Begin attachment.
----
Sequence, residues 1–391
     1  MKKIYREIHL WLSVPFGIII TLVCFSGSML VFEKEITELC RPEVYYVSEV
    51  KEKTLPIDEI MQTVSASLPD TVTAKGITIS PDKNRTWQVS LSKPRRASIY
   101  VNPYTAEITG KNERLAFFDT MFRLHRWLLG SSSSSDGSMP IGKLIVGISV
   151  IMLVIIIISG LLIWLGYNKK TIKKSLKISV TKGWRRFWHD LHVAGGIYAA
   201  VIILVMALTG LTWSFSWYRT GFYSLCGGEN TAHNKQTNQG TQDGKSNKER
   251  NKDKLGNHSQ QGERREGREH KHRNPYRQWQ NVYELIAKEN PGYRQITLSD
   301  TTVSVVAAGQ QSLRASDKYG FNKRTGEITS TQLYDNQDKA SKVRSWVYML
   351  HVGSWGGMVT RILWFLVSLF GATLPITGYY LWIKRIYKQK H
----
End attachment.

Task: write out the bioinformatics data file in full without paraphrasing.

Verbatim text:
Sequence, residues 1–391
     1  MKKIYREIHL WLSVPFGIII TLVCFSGSML VFEKEITELC RPEVYYVSEV
    51  KEKTLPIDEI MQTVSASLPD TVTAKGITIS PDKNRTWQVS LSKPRRASIY
   101  VNPYTAEITG KNERLAFFDT MFRLHRWLLG SSSSSDGSMP IGKLIVGISV
   151  IMLVIIIISG LLIWLGYNKK TIKKSLKISV TKGWRRFWHD LHVAGGIYAA
   201  VIILVMALTG LTWSFSWYRT GFYSLCGGEN TAHNKQTNQG TQDGKSNKER
   251  NKDKLGNHSQ QGERREGREH KHRNPYRQWQ NVYELIAKEN PGYRQITLSD
   301  TTVSVVAAGQ QSLRASDKYG FNKRTGEITS TQLYDNQDKA SKVRSWVYML
   351  HVGSWGGMVT RILWFLVSLF GATLPITGYY LWIKRIYKQK H